round my casement in the storm. They are as hard and cold."

Prince Katala departed likewise in a rage, and Prince Kenai bowed low
before the throne.

"And now what treasure do you bring to win my hand, brave prince?"
asked Maiden Matanuska.

To which the prince replied, "I bring you none, and neither do I seek to
win your hand. Your heart is what I do desire, O Maiden, for I do love
you truly and would die to serve you.

"Now in your father's halls are treasures and all riches in great store.
Fair silken banners hang the walls to shut the cold drafts out; a
thousand gleaming silver lamps light the way; great chests are filled
full of ornaments of beaten gold, as well as many other things my eyes
have not discovered. With all this wealth heaped high on every hand, if
you still long for that which you have never seen, think you that in my
barren land it will be found? In my land so poor that even crows forsake
it?"

"Well said, brave prince," the king replied, "and if you have not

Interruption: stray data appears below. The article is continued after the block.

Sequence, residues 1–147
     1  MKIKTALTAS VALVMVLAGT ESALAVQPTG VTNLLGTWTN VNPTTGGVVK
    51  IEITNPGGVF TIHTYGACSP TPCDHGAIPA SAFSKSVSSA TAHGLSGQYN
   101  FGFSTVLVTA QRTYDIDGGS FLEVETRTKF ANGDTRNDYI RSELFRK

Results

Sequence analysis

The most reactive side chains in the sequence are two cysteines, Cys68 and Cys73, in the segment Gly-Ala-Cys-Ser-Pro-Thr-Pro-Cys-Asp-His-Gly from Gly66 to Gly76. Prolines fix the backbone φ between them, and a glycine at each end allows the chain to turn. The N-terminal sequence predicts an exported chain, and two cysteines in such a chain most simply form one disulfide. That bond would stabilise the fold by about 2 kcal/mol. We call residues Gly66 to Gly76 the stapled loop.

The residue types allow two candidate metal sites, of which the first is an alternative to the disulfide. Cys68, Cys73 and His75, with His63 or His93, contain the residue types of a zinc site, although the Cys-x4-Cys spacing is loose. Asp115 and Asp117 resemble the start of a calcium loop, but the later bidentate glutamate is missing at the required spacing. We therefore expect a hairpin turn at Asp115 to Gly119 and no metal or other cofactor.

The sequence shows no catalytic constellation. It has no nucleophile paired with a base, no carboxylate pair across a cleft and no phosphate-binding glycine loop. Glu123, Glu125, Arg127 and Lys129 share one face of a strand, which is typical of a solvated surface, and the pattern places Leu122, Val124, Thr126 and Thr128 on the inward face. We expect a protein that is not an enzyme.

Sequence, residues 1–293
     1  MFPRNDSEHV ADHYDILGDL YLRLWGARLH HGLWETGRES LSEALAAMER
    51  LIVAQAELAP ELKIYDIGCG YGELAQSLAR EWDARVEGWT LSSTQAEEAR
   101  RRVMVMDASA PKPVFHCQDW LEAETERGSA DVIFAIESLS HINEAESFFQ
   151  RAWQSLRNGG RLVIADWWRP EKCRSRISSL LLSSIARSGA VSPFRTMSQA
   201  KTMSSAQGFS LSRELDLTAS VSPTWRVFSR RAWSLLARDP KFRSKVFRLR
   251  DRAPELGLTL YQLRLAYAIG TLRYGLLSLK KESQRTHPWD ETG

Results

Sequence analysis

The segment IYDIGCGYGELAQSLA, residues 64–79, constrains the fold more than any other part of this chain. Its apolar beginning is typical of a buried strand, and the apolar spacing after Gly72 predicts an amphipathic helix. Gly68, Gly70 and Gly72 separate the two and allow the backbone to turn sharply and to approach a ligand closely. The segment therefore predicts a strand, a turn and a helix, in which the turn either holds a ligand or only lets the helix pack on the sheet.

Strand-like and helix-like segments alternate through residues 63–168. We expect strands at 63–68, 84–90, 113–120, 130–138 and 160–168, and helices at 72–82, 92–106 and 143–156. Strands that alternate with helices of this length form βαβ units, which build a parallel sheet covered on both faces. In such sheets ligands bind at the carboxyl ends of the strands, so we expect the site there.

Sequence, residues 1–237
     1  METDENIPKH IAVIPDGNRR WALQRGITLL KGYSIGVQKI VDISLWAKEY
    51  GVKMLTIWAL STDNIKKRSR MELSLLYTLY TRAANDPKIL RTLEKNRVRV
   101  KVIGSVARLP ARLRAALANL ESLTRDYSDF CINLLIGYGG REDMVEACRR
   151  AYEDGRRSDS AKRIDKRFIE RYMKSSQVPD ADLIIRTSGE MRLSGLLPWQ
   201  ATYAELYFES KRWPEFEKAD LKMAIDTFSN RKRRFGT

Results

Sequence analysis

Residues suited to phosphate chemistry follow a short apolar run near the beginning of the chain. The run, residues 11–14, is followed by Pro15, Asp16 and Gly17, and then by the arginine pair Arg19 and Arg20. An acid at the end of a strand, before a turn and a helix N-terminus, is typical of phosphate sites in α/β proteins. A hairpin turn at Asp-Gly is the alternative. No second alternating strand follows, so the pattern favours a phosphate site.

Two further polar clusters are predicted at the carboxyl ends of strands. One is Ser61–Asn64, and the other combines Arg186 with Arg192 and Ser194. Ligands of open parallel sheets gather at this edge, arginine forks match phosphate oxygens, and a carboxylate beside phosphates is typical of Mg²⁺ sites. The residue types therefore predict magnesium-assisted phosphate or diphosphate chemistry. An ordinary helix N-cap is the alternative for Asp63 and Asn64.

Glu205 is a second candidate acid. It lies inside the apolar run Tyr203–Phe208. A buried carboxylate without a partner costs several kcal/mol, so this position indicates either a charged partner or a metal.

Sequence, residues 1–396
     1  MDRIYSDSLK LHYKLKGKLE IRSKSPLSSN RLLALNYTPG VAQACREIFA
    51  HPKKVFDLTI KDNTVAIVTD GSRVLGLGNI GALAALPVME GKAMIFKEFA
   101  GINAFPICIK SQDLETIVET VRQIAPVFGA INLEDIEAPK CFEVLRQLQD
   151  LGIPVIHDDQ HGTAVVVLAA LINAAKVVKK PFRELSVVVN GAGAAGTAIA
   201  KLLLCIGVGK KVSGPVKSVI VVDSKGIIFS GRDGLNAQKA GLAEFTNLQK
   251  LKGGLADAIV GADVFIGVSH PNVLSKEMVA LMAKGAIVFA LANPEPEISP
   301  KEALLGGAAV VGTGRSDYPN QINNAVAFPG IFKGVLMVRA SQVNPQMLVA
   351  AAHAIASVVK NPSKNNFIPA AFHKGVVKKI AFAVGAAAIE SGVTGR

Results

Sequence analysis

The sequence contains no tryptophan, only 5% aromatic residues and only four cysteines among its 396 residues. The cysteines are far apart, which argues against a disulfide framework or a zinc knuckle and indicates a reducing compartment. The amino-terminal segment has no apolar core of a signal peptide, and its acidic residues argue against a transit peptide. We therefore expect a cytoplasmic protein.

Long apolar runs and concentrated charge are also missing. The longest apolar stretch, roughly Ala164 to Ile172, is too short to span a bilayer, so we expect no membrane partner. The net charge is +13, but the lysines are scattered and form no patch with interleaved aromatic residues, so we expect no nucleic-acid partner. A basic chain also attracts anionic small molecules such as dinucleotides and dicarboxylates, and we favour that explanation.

treasures such as men hold dear, you have indeed a noble gift of speech.
But even so, some gift or token you must surely bring, or otherwise you
had not come at all but stayed within your barren land. Come, tell us
what it is."

"I bring no treasure save the treasure of a wonder tale which you will
hear," said Prince Kenai, and then began to tell.

"Within my land, as well you know, there lies a burning mountain from
which men flee in fear, but which I love. Now when my mountain has burst
forth in flames, and tongues of fire that reach to heaven light the sky
of all the world, I have seen wondrous things. I have seen other lands
far distant, where ice and snow are not, but where the green grass
clothes the hills and plains; where poppies shaped like golden chalices
grow thick, and birds sing hour after hour. And in these pleasant lands
of which I tell, there is a time of light as well as dark. This time of
light lasts many hours long and is called day."

"Then tell me this, Prince Kenai," cried the king. "How comes this light